Intermediate Python: Pythonic file searches

It's very easy to get up and running with Python, but programmers coming from other more verbose or procedural languages tend to write code that's not very pythonic — that is, it doesn't use Python idioms that experienced programmers use.

The problems with un-pythonic code are that it tends to be more verbose, more difficult to understand, and even to run slower. Here's a naive implementation of a function to find every line in a supplied filename containing a specified string. It returns a list of (line_num, line) tuples.

def naive_way(to_find, filename):
    """Find string to_find in file filename"""
    file_handle = open(filename)
    line_number = 0
    lines = []
    done = False
    while done == False:
        line = file_handle.readline()
        if not line:
            done = True
            line_number += 1
            index = line.find(to_find)
            if index > -1:
                lines.append((line_number, line))
    return lines

This code is fairly readable and it gets the job done, but we can do better. Notice all these variables lying around? Those are bad because they clutter up the function (making the intent of the function harder to see), and actually slow down the code. Things like "line_number += 1" are more costly than you might expect, because every time you write "1" you're creating an object.

We can get rid of "done" and "file_handle" by iterating over the file rather than using the low-level readline() method. We can avoid the code to increment "line_number" by using the built-in enumerate generator function. Finally, we can get rid of "index" by using the "in" statement.

Here's a more pythonic version of the above function:

def pythonic_way(to_find, filename):
    """Find string to_find in file filename"""
    lines = []
    for line_num, line in enumerate(open(filename)):
        if to_find in line:
            lines.append((line_num+1, line))
    return lines

Remember what I said about pythonic code being faster? Here are the times I got for running these functions 100 times, searching for "your system" in "/python25/readme.txt" (rounded to nearest three decimals):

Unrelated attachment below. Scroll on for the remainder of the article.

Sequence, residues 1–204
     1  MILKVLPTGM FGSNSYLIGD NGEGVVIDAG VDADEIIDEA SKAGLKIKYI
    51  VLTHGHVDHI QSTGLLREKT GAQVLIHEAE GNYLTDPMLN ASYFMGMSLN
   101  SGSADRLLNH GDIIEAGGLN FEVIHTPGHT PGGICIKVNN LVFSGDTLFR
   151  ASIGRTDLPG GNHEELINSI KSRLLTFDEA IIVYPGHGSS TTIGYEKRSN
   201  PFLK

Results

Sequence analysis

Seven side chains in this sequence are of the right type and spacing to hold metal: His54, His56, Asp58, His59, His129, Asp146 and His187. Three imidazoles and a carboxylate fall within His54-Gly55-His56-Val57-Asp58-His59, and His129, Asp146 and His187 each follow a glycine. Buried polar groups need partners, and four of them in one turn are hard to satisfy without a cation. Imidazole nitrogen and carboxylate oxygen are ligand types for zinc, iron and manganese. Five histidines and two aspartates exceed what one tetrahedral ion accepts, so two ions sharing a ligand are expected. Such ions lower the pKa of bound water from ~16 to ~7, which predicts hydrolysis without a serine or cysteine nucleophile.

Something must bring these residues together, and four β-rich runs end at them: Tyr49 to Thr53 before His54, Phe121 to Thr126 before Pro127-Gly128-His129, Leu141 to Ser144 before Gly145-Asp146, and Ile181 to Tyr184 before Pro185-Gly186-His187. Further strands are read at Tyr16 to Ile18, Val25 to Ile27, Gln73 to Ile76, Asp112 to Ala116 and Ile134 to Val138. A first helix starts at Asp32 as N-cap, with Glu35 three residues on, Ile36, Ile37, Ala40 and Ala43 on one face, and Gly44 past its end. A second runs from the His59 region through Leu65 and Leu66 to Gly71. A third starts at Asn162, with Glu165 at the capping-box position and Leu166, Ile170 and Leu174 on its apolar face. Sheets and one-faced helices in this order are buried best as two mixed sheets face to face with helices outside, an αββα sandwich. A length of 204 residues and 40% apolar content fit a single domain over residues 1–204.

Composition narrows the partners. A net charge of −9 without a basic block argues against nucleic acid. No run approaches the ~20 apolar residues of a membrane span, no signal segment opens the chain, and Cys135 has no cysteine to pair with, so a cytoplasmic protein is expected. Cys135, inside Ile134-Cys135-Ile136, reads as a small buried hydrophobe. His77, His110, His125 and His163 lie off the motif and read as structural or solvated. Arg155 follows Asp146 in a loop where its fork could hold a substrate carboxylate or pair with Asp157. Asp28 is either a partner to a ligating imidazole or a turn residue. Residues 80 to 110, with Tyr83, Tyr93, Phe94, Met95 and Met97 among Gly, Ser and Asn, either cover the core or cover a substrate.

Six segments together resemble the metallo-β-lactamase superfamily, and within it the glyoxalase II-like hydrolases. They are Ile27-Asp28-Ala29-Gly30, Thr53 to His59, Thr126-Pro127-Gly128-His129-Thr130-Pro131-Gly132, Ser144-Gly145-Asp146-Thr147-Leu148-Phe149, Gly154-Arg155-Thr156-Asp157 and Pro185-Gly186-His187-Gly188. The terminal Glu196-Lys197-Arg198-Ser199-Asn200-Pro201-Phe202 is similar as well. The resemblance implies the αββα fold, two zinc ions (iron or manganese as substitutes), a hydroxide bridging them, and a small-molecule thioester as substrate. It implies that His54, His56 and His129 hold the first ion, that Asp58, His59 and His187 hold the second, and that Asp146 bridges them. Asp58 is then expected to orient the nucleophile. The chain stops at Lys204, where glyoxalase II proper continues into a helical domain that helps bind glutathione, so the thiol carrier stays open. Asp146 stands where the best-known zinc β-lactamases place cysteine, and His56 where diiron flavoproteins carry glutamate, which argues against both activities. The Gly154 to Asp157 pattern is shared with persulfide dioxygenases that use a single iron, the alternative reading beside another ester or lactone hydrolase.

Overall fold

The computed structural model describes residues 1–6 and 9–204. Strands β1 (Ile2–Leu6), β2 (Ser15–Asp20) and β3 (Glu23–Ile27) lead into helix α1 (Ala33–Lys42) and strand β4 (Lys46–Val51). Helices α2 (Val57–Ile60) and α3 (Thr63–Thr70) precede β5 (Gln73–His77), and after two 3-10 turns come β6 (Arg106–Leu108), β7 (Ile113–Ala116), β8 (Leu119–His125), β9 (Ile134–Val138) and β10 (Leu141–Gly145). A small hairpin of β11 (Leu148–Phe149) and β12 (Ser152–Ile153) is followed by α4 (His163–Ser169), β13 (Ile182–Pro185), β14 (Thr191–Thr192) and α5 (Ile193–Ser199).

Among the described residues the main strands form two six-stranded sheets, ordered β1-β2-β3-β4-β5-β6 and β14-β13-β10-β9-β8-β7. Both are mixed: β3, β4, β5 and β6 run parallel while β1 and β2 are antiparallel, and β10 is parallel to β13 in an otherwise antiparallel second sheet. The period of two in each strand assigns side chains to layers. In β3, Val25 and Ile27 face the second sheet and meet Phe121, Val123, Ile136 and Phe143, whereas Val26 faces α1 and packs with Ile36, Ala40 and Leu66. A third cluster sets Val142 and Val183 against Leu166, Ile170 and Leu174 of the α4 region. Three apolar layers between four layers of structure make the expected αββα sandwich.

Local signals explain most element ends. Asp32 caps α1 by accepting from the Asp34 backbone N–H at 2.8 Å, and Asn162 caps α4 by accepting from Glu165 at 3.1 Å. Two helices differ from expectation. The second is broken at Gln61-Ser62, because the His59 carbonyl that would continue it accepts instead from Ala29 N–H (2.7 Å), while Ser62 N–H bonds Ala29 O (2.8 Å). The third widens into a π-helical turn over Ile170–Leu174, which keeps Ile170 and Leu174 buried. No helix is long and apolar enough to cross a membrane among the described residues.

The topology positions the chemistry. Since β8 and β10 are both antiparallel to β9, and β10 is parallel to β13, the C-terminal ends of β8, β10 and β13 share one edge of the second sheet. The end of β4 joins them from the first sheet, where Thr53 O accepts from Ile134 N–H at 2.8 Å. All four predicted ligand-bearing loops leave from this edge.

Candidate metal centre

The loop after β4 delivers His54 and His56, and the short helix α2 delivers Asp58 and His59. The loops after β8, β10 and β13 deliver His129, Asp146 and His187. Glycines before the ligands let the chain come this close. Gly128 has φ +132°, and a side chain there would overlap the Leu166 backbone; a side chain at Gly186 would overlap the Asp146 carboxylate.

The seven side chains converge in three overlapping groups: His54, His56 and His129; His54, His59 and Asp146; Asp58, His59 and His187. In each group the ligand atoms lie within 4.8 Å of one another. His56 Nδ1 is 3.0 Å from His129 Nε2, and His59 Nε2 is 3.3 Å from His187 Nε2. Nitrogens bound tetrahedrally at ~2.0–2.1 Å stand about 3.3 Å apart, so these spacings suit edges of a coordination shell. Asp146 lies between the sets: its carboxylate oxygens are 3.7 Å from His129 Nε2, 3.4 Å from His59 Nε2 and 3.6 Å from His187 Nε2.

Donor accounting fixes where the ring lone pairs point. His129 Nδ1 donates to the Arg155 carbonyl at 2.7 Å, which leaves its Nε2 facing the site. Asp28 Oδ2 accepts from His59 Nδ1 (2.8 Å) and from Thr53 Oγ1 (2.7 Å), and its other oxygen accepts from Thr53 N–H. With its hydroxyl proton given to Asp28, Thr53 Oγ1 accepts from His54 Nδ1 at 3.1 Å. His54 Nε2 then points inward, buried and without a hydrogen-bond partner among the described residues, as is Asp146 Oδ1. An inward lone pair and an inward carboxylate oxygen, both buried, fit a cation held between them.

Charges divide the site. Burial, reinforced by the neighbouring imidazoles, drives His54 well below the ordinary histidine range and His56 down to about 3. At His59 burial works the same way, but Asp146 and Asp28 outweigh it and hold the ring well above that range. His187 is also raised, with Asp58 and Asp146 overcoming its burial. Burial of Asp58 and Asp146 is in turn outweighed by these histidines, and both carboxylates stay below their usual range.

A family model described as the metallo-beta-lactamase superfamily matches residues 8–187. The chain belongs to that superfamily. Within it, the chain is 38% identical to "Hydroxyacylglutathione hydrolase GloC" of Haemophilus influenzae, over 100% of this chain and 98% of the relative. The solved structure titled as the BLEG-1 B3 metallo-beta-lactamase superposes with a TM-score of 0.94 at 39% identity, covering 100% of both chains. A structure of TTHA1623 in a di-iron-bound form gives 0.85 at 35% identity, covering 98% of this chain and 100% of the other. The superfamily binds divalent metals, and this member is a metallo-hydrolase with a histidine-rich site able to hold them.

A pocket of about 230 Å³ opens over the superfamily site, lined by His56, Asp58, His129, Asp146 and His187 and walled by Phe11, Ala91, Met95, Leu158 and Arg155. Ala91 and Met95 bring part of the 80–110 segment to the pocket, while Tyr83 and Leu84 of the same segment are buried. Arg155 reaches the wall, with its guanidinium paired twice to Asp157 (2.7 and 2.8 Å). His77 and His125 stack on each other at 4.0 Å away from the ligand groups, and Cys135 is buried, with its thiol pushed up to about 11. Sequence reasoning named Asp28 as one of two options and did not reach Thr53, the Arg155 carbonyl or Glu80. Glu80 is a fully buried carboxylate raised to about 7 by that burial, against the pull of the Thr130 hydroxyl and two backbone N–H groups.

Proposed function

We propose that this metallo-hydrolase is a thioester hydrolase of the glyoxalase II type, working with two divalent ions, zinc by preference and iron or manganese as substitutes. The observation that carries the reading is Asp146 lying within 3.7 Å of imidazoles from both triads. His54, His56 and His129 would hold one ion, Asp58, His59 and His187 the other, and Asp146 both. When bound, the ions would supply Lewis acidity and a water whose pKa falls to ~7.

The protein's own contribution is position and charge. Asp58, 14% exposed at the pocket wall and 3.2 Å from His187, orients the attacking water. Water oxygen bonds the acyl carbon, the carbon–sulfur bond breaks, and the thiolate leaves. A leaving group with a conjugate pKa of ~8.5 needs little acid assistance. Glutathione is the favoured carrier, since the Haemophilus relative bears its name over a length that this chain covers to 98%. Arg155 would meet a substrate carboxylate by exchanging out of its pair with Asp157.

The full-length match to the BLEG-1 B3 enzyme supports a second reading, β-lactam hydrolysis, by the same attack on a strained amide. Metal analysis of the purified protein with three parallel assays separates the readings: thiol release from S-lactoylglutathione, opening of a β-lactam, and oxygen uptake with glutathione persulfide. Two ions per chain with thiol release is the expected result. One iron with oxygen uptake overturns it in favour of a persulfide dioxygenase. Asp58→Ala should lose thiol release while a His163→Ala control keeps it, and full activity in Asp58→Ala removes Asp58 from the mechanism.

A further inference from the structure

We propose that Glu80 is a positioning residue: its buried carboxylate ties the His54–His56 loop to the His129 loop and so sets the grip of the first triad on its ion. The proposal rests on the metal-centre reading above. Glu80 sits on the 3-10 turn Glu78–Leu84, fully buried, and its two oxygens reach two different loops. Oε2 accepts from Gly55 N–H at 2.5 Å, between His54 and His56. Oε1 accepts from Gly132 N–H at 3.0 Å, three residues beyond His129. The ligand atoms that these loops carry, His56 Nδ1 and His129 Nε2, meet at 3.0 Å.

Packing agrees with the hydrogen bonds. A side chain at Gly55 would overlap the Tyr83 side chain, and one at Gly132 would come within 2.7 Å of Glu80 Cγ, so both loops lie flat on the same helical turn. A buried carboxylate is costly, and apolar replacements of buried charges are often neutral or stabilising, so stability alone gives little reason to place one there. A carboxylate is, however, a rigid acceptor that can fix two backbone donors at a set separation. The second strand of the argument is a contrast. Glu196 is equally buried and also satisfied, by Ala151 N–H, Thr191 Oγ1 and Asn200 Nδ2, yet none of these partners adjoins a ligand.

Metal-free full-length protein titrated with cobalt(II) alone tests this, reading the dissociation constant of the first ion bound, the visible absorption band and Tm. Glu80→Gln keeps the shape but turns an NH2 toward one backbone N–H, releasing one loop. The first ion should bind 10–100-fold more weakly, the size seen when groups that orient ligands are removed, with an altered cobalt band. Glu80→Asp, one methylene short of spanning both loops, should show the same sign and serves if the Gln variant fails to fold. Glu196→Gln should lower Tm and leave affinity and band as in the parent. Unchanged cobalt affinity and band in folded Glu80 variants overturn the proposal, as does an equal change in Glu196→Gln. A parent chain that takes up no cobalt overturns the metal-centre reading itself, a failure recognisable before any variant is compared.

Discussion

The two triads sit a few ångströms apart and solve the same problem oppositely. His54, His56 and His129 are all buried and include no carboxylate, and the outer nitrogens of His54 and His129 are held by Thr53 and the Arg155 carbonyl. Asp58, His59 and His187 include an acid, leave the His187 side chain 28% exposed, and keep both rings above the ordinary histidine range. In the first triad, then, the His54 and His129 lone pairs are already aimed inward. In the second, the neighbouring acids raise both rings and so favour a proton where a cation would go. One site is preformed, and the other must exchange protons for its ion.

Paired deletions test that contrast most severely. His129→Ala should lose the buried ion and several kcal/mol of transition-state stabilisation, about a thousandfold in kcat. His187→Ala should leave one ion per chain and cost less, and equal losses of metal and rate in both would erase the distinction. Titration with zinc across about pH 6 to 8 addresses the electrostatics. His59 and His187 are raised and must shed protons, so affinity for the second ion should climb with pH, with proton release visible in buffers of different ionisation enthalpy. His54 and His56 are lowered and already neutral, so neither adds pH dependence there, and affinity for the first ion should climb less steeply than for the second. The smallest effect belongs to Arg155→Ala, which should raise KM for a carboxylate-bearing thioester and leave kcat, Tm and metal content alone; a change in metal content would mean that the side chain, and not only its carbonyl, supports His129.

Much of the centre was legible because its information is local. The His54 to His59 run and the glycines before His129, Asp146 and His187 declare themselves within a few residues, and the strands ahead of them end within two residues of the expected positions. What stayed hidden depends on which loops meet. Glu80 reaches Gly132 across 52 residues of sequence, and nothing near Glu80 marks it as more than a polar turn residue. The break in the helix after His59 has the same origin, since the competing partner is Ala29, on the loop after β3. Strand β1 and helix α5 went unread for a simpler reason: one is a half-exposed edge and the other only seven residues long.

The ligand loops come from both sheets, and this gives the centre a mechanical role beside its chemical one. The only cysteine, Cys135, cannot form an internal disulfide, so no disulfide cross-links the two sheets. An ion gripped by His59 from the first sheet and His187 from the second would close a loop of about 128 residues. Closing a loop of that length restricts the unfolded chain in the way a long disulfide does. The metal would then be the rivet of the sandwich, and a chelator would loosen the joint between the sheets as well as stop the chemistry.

Without psyco With psyco
naive_way 0.411 s 0.213 s
pythonic_way 0.116 s 0.082 s

Psyco manages to narrow the gap a bit (probably by optimizing away those object creations), but even with psyco the pythonic function is 2.5x faster, not to mention more readable (to a Python programmer, at least!). And since bugs are directly correlated to number of lines of source code, it's likely to have fewer bugs as well.

14 comments to Intermediate Python: Pythonic file searches

  • You might want to use the fileinput module. It keeps track of line numbers and does things like allowing a filename of ‘-‘ to mean stdin, and allows multiple files to be searched nearly as easily as one.

    – Paddy.

  • Jean-Baptiste Potonnier

    Even in Python there is more than one way to do it 😉

    What do you think of:

    def find_comprension(to_find, filename):
    “””Find string to_find in file filename”””
    return [ (line_num+1, line) for line_num, line in enumerate(open(filename))
    if to_find in line]

    This one is my favorite. I find list comprehension very elegant, and readable. But I usualy avoid nested list comprehension, for readability.

    def find_functional(to_find, filename):
    “””Find string to_find in file filename”””

    def is_inline((n ,line)):
    return to_find in line

    def incr_line_nb((n, line)):
    return (n+1, line)

    return map(incr_line_nb, filter(is_inline, enumerate(open(filename))))

    This one in just for fun. I find it quite tricky, in Python at least. It may be more idiomatic in a language like Haskell.